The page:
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Break free and join a creation space

The emergence of creation spaces

In a video interview, "On Millennials in the workplace," Simon Sinek makes fun of ‘millennials’. He tells the story of someone who thinks about quitting a job because – quote: "I have not had any impact." The joke is that this particular person has only been with the company for eight months.


Why shouldn’t a young professional have the possibility to do something significant in their job having been there for more than half a year? Why can’t people fresh out of college be satisfied by their work? Everyone, young and old, wants to matter; they want to master, and they want to create something. Simon Sinek, thoughtfully says that millennials’ problems are “through no fault of their own.” It’s their parents who have told them that they are special and can have anything they want in their lives, and that’s what leads them to feel “entitled”.


It’s a human trait to make something. We are all creative beings. When we recognise something that needs improvement, something that we want in our lives, or that we want to interact with, we want to create something that satisfies that need. In most corporate roles, herein lies the problem.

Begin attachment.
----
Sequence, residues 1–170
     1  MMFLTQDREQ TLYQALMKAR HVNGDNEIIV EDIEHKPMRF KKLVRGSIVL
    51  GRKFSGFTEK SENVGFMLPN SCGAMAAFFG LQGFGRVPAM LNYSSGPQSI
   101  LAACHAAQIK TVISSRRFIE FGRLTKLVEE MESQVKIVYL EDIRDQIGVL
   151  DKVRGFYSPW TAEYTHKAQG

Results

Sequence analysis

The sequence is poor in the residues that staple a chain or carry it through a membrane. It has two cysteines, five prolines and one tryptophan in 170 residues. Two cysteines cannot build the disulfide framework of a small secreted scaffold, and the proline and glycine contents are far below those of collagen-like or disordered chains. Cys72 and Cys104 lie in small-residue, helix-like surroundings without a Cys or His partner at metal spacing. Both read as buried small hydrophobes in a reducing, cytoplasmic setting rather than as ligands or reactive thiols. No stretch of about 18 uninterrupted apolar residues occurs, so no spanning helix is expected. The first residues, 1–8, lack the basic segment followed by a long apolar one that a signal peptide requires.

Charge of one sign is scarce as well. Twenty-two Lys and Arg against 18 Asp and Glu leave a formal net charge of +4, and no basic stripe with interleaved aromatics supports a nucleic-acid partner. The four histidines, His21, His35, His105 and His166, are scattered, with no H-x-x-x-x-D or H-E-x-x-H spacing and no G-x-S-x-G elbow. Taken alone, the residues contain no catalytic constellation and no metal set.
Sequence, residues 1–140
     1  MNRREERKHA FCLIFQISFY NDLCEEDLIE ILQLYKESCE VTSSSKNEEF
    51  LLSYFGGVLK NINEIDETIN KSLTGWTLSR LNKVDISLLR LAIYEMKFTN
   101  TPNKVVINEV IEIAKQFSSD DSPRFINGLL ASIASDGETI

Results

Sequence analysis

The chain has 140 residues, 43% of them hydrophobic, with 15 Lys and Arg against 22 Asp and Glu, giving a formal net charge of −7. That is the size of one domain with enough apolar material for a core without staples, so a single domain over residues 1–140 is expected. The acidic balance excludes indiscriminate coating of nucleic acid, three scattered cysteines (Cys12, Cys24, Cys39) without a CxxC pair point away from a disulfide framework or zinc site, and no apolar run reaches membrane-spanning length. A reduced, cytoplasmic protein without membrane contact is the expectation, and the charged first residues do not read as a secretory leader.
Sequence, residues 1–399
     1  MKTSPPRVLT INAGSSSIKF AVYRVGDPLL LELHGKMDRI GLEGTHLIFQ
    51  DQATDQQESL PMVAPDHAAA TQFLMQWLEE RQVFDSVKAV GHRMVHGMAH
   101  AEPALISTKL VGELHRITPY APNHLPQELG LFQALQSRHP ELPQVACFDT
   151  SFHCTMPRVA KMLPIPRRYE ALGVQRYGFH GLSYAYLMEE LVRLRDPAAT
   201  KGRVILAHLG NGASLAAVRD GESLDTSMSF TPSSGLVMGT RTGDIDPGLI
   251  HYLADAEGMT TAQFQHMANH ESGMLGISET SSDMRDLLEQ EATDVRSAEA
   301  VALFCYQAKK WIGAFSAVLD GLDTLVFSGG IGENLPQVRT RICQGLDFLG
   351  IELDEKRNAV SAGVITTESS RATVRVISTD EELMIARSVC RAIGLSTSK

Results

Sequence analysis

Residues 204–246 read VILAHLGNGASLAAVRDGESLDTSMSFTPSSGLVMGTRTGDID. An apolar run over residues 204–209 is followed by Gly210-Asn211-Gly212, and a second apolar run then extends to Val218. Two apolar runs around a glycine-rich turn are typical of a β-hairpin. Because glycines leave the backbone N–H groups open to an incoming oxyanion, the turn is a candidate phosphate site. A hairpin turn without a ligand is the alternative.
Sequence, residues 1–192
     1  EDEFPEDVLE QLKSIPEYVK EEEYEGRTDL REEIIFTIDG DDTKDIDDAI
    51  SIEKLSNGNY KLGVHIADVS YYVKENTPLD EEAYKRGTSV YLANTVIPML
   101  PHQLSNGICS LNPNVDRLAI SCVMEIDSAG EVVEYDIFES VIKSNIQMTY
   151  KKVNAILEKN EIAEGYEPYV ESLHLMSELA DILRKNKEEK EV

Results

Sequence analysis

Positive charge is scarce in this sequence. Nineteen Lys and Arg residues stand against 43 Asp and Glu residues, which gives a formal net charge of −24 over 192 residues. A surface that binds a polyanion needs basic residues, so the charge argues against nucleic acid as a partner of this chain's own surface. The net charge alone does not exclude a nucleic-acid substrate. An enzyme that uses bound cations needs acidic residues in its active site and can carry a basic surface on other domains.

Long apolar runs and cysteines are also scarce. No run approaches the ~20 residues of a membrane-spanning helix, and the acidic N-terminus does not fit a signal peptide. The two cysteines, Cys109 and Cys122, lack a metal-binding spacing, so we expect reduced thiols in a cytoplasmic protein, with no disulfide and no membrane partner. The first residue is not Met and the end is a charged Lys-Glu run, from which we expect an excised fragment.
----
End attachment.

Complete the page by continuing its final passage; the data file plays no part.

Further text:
Why shouldn’t a young professional have the possibility to do something significant?
In many jobs, the issues to be dealt with have already been decided upon, and your superiors have already laid out the strategy. Your job is to implement the already defined project and to delegate as necessary. Your task is to cross off items on your to-do list and make everyone on your team adhere to a flowchart – your job is simply to manage. Your need to create something becomes a dream that is never fulfilled in the normal ‘cubicle’ world of corporate work-life.

Creation spaces

Professionals who have a dream that is not totally obliterated by slowly crushing conformism want to uncover needs and come up with solutions and create results. They want to make something that engages all of their capabilities – and hopefully all of their senses. People who still daydream break loose from the hierarchical drudgery, and the mindless bureaucracy. They escape from being a cog in a wheel to become someone who creates something of value to themselves and others. By doing this, they become a part of what John Hagel, John Seely Brown and Lang Davison in the book "The Power of Pull" call ‘creation spaces’. Creation spaces are environments that effectively integrate teams so that performance improvements accelerate as more participants join.

Learning organisations

How is it possible to create a life filled with autonomy, proficiency and meaning? You have to learn new things constantly; either through experimentation or by observing and applying what someone else in your environment just discovered. Creation spaces differ from ‘learning organisations’ because they emerge across institutions and thereby reach a more diverse set of participants. They’re not primarily focused on learning, but are intended to drive more rapid performance improvement. Learning occurs as a by-product of these efforts.